The lost science of risk and safety

file5011249338919I embarked on my career in Health, Safety and Environment 30 years ago when it was just safety, no environment. It was a back water of the Human Resources Department tucked in behind Medical Services. There was no undergraduate degree in safety and I had to study the pure sciences and the social sciences. Environmental management was just emerging from the primeval swamp, ergonomics and occupational hygiene were these weird esoteric sciences that had little place in industry. “Safety Officers” wore green hats with white crosses and were mostly known to kick butt and take names; it was more reactive than proactive. Risk identification, assessment and control was virtually non-existent and risk registers were about as common as iPads. We have come a very long way since those days.

In the late 90’s a revolution occurred in safety and it became the standard to have good safety practices and not injure people. At the same time there was another revolution and that was the emergence of “Quality Control”. During this period it was also the merger of Health, Safety and Environment as a discipline. It came about through Quality and the need to have National and International accreditations in the form of ISO14001, OHSAS18001 and AS4801. Funnily the Standards are very similar and smart thinking Senior Management seized the opportunity to get rid of duplication, as dictated by Quality (waste was the enemy) and formed the Health, Safety and Environment Department. However, something strange occurred, the Universities really took up the mantle in the area of Environment and nearly every University offered undergraduate course/s in environment but they were slow in taking up undergraduate courses in workplace health and safety.

Now, I am going to play three cards early and firstly I exempt Central Queensland University (CQU), The University of Queensland (UQ), Australian Catholic University (ACU), Edith Cowan University (ECU) and especially Curtin University from my spat, I will come back to them later. Secondly my account here is of my personal observations of our industry. Finally I recognise that 50% of our audience is from outside of Australia and I would be very interested in their view of the undergraduate scene within their regions.

I feel we have lost the science of risk and we are not concentrating on low frequency high consequence risk or critical risk. The management of high frequency low consequence injury should now be business as usual for safety professionals, and the focus squarely placed on low frequency high consequence risk; understanding what in your organisation is going to kill or seriously injure an employee, contractor or member of the public, then placing controls that focus on prevention of the event in the first instance. Managing critical risk is extremely difficult, complicated, time consuming and not for the faint hearted safety professional. It is where the science of risk must be fully realised. Somehow we have lost the science of risk, so how did we do that?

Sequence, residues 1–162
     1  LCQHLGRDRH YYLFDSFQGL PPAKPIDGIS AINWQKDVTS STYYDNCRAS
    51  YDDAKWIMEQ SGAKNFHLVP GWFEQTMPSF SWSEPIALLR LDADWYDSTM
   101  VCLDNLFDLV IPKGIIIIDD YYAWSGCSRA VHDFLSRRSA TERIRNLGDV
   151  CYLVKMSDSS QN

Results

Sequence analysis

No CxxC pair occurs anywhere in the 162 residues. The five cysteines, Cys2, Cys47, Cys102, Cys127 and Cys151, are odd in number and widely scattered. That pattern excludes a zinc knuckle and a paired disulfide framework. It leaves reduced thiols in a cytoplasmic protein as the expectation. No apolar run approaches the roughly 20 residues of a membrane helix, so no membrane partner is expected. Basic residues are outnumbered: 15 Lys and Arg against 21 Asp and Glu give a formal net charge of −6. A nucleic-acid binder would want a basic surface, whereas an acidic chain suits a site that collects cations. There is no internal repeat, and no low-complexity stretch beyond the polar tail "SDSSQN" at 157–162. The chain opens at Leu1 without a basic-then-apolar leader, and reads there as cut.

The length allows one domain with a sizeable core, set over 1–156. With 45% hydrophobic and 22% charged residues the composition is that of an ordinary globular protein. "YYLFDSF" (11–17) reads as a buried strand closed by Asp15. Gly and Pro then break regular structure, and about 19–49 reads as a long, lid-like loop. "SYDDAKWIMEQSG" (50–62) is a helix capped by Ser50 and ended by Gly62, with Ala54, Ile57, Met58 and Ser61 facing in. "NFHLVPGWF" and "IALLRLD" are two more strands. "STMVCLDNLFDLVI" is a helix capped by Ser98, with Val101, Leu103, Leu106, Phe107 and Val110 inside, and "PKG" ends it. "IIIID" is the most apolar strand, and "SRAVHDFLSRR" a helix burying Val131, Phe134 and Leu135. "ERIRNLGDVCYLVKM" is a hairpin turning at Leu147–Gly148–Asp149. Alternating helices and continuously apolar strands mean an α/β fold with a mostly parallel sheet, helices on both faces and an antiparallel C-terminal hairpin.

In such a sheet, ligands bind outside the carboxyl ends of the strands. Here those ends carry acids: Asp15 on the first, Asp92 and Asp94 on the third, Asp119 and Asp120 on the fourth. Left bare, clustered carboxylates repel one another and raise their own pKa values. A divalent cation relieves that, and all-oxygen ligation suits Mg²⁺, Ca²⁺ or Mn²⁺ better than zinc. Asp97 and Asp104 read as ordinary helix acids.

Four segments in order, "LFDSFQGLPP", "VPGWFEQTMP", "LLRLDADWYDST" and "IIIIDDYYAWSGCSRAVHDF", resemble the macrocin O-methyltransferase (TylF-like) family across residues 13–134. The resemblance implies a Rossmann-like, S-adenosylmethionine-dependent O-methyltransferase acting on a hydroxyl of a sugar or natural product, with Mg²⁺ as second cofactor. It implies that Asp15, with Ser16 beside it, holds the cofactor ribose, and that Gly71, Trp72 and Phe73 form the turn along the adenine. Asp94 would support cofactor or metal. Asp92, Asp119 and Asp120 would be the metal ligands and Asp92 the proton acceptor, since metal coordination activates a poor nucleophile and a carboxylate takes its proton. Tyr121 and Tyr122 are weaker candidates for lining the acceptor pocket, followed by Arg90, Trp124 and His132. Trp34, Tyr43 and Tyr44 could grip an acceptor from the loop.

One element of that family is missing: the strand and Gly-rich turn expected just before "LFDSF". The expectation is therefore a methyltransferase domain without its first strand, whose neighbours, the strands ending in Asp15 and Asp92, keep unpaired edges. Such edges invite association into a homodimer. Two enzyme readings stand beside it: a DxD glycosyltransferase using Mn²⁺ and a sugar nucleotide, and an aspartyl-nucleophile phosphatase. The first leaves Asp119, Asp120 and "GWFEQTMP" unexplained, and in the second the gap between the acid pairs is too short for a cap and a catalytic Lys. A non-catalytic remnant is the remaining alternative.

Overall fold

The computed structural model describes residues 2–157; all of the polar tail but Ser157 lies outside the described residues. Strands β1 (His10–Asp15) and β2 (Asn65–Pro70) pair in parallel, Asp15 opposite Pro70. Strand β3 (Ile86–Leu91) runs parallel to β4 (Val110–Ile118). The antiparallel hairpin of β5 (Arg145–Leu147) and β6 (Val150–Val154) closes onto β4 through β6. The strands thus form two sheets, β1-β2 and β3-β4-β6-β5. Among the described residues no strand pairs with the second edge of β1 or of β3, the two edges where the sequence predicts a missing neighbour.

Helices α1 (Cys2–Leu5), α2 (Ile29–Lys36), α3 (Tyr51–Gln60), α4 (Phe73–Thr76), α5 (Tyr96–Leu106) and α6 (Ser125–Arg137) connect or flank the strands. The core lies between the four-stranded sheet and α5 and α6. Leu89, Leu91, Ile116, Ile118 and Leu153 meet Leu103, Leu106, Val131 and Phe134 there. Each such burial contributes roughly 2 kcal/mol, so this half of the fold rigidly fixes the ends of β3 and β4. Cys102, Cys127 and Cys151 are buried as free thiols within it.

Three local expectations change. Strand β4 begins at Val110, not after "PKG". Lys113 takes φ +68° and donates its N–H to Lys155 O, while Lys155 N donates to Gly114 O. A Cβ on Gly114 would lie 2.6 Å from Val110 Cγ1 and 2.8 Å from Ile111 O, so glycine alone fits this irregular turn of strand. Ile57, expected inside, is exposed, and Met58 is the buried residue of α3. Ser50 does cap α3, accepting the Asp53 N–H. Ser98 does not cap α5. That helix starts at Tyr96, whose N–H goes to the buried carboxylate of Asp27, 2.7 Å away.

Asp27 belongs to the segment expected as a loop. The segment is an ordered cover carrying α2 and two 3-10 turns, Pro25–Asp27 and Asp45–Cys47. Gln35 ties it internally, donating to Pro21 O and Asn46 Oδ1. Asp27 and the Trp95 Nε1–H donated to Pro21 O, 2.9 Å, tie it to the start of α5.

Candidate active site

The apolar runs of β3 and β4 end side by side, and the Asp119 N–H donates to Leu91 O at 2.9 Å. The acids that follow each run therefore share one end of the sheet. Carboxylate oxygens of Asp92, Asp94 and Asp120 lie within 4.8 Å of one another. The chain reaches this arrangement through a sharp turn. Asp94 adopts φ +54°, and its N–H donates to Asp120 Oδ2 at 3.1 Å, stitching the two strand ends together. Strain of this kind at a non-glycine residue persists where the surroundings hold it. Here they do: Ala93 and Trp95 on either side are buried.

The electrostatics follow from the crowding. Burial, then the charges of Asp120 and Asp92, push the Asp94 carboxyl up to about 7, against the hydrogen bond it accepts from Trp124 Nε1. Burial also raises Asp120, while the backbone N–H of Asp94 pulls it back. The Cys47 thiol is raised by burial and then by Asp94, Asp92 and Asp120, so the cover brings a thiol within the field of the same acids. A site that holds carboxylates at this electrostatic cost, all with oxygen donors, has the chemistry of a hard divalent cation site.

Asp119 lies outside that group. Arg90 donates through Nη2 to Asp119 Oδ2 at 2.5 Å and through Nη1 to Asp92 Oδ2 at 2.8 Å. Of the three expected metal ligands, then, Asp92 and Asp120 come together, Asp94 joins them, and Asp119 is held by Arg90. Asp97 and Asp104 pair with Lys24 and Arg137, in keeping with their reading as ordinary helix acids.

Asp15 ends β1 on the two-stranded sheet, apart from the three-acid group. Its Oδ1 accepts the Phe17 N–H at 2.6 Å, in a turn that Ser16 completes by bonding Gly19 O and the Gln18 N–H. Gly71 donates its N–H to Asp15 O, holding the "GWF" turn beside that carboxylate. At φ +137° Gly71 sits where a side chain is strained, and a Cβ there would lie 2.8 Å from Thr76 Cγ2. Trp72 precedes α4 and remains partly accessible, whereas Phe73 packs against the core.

During the revolution Universities catered for the emerging science of the environment to the point now where it is very difficult to impossible to find a University in Australia that does not offer an undergraduate degree in some form or another for the Environmental Sciences. Safety was very different. Universities were slow to take up undergraduate degrees in safety but courses did start to emerge in the early to mid 2000’s. Very good undergraduate courses were established in recognised institutions offering Diplomas and Bachelor degrees. One would have the opportunity to study safety in at least one institution in each state, larger States had a few offerings. However from about 2009 one by one Universities dropped their undergraduate degrees in safety and replaced them with post graduate degrees. Today there are a plethora of post graduate degrees in many Universities and only five Universities offering undergraduate degrees, CQU, UQ, ACU, ECU and Curtin. Five Universities offering undergraduate studies in the whole of Australia for an area that usually rivals the size of the Finance department of any company. What’s worse is that no University in the populous States of NSW and Victoria offer any undergraduate studies in safety. Could you ever imagine only five universities offering accounting undergraduate degrees?

The undergraduate degree is where people learn the science of their chosen field and the post graduate degree is where one hones the sciences and researches their chosen niche. I feel the science of risk is learned at the undergraduate degree stage and because there are only five Universities offering courses we are now seeing the emergence of safety professionals not understanding the science of risk.

The void of the loss of the undergraduate degree in Universities has now been filled by RTO’s (Registered Training Organisatons) offering diplomas in Health and Safety. Some I understand are very good however some are of 5 days duration. How anyone can learn the science of risk and safety in 5 days and be awarded a Diploma is totally beyond me. It cheapens our brand and sends us back to when I began in safety: kick butt and take names. People who gained Diplomas from recognised institutions in Health and Safety in the mid 2000’s have certainly had their qualifications denigrated.

Over the years I have employed many Health and Safety and Environment professionals. I am always impressed with environment professionals’ qualifications which is reflective of the depth of undergraduate courses available in Australia today. Their understanding of aspects and impacts (risk) is complete. On the other hand I am disappointed at the sometimes scant qualifications of safety people. This was especially true during the resources boom. It was difficult to impossible to find professionals in safety with an undergraduate degree from a recognised institution.

It’s time now to get the undergraduate degree in safety at recognised institutions back. My hat comes off to CQU, UQ, ACU and ECU but my bow is saved for Curtin University who has recognised the discipline of Health, Safety and Environment and is offering an undergraduate degree. To these Universities I say thank you. My challenge now is to the Universities offering post graduate degrees, take the lead from these Universities and commence undergraduate degrees and get the science of risk and safety back into our profession. Finally what is the situation in other regions – are they making the same mistakes as Australia?


  1. Wolfgang Dempsey Reply

    A good article, I have seen people emerging from the 2 day and five day course scenarios described where the certificate awarded is little more than a certificate of attendance.